Malaria abrogates O’nyong–nyong virus pathologies by restricting virus infection in nonimmune cells
Torres-Ruesta A., Teo T-H., Chan Y-H., Amrun SN., Yeo NK-W., Lee CY-P., Nguee SY-T., Tay MZ., Nosten F., Fong S-W., Lum F-M., Carissimo G., Renia L., Ng LFP.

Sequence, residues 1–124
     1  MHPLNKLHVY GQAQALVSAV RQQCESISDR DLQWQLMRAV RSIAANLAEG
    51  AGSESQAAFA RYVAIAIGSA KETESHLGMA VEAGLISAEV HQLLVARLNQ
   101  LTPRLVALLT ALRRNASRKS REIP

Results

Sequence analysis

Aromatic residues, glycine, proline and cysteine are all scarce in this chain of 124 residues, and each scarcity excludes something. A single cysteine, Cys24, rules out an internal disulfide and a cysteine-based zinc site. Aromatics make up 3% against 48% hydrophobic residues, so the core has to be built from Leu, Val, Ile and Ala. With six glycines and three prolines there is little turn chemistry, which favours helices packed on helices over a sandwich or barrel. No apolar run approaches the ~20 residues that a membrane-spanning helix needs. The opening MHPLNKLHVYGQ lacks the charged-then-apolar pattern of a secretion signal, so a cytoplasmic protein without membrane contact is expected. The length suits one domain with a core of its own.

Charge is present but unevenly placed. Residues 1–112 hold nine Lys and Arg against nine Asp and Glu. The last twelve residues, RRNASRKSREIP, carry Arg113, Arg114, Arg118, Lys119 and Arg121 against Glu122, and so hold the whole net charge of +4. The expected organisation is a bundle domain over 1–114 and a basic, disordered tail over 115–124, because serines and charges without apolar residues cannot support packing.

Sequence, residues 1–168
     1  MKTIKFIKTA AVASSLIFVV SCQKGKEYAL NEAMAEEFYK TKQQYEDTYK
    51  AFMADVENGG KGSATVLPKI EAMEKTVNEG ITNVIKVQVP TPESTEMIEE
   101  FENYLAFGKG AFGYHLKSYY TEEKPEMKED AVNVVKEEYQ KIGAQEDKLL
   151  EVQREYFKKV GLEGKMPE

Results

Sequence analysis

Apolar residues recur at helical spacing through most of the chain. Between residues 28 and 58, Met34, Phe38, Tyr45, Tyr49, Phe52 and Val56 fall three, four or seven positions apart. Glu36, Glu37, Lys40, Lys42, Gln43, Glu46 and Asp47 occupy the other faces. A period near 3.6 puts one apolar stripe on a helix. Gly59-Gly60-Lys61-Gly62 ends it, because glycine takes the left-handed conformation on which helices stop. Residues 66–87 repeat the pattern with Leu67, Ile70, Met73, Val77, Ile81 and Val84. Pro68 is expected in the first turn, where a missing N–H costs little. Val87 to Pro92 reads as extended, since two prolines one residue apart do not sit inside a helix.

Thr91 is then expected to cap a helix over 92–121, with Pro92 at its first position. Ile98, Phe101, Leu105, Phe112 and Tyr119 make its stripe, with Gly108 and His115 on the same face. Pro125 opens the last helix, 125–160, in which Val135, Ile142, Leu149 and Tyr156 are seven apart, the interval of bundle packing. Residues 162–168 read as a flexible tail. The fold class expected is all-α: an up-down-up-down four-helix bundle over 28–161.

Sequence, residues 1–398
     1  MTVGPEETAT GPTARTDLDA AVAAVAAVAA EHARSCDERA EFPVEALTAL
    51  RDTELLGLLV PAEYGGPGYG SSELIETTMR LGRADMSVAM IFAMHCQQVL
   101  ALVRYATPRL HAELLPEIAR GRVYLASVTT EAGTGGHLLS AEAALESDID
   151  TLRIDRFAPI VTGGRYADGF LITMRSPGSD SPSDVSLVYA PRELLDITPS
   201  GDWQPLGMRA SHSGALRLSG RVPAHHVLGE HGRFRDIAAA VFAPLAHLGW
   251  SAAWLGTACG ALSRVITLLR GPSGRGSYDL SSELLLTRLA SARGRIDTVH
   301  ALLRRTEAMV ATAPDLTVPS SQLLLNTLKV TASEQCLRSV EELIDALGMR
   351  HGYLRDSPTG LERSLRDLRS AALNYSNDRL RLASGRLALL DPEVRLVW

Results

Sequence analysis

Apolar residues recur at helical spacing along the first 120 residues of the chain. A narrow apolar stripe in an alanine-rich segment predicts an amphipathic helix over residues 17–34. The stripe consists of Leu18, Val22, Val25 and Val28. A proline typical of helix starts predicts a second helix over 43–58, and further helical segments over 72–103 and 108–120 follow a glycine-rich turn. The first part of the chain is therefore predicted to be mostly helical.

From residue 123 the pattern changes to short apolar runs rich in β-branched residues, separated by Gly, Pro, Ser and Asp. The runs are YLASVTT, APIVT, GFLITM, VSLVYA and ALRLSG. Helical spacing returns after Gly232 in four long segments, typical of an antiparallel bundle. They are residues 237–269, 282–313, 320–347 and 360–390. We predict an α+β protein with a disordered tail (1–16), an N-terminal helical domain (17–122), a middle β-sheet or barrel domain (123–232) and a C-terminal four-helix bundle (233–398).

O’nyongnyong virus (ONNV) is a re-emerging alphavirus previously known to be transmitted by main malaria vectors, thus suggesting the possibility of coinfections with arboviruses in co-endemic areas. However, the pathological outcomes of such infections remain unknown. Using murine coinfection models, we demonstrated that a preexisting blood-stage Plasmodium infection suppresses ONNV-induced pathologies. We further showed that suppression of viremia and virus dissemination are dependent on Plasmodium-induced IFNγ and are associated with reduced infection of CD45− cells at the site of virus inoculation. We further proved that treatment with IFNγ or plasma samples from Plasmodium vivax–infected patients containing IFNγ are able to restrict ONNV infection in human fibroblast, synoviocyte, skeletal muscle, and endothelial cell lines. Mechanistically, the role of IFNγ in restricting ONNV infection was confirmed in in vitro infection assays through the generation of an IFNγ receptor 1 α chain (IFNγR1)–deficient cell line.